A few other things to know:

  • Some homeowners who act as their own general contractors can complete their remodel in just a few months. Bonus points if you already have reliable vendors! If you’re starting as a newbie… it will take longer.
  • Some people are surprised to learn that not all updates add value. Consult with a trusted real estate agent before remodeling to make smart decisions that will align well with future saleability. This is an important step to protect your investment, as architects and contractors usually do not advise you against projects that diminish or do not add to your home’s value.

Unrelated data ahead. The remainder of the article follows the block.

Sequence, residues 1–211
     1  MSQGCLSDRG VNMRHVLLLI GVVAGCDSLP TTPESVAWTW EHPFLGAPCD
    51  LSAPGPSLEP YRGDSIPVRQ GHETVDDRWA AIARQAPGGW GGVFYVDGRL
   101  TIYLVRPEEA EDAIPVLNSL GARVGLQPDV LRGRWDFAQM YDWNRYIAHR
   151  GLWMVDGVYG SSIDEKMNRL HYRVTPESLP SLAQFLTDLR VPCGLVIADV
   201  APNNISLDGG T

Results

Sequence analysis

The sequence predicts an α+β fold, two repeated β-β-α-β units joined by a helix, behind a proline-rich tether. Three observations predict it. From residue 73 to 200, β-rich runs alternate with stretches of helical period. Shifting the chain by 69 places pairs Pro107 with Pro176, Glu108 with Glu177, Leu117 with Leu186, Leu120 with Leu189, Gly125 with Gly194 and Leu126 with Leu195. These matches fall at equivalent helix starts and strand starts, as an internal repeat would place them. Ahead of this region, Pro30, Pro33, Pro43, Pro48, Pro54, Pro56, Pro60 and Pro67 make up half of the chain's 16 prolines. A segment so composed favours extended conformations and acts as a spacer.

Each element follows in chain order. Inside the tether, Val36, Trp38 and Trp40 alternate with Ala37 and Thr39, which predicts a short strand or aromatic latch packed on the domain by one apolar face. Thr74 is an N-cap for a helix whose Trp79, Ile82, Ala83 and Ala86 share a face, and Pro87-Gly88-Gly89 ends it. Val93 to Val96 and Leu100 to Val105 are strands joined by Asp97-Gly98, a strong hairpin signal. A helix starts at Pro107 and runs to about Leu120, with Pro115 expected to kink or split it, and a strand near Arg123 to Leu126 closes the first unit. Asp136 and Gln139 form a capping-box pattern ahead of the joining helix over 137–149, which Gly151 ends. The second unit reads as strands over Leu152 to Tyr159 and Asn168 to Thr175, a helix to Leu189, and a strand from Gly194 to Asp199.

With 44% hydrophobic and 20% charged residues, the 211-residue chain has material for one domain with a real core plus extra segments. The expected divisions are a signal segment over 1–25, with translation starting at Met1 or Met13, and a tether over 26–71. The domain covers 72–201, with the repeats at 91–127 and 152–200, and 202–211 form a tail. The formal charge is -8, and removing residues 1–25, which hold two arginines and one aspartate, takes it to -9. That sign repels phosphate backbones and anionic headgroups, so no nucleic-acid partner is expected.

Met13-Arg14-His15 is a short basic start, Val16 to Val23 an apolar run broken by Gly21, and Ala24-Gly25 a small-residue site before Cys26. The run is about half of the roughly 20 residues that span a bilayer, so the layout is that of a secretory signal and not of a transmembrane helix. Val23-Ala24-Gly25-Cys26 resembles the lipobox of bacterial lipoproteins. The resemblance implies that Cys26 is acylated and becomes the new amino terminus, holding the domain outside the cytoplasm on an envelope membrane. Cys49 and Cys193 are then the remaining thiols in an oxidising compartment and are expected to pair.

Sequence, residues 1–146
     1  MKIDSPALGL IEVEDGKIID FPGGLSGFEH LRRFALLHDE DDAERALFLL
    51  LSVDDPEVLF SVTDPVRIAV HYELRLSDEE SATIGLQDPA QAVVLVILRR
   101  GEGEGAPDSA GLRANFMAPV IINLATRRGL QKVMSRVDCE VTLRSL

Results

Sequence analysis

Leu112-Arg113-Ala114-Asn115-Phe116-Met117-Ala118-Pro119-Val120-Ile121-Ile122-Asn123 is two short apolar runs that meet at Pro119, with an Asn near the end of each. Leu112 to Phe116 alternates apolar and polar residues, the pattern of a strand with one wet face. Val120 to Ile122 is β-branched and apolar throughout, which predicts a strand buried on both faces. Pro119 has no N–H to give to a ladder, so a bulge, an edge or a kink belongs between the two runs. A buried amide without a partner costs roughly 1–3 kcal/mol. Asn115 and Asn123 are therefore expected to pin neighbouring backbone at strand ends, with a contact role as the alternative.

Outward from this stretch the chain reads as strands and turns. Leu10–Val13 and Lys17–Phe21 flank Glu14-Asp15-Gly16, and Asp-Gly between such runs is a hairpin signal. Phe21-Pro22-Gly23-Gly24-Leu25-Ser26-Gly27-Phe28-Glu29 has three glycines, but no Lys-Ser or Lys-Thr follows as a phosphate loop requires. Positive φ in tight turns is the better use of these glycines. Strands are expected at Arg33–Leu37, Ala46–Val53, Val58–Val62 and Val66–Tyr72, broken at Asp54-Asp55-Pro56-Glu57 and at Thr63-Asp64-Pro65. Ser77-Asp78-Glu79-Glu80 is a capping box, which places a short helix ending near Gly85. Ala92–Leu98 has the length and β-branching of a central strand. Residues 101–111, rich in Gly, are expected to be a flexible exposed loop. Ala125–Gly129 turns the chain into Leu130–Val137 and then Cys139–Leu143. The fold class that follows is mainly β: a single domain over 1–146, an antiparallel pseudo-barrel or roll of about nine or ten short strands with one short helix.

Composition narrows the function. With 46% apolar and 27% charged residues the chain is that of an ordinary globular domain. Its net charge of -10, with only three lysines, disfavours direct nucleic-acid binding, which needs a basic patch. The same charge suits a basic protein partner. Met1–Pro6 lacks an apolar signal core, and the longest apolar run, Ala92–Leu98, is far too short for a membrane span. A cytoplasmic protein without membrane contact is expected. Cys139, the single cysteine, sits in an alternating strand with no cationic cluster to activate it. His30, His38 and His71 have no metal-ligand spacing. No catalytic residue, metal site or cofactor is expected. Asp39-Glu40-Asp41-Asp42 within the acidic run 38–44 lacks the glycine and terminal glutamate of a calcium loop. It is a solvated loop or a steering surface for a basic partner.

For those that have the patience, vision, and wherewithal, investing in home improvements is one of the best wealth-building opportunities in Boulder.

What To Do If You’re A Boulder Real Estate Investor

The high value of Boulder real estate is no secret. For that reason, investors often come to us from all over the country.

National investors are often accustomed to the classic “buy low-sell high” business model. They dedicate time to study spreadsheets of data. They think they’ll be able to wait and find the right property at a low price.

Here’s the biggest mistake new Boulder investors (and buyers in general) make:

They often spend time studying economic precedent… without paying sufficient attention to current market speed and value. The trick is that in an offer scenario, current market reality trumps recent (but historic) sale precedents every time.

In this market, because of simple (under) supply and (over) demand, there are many buyers for almost every property.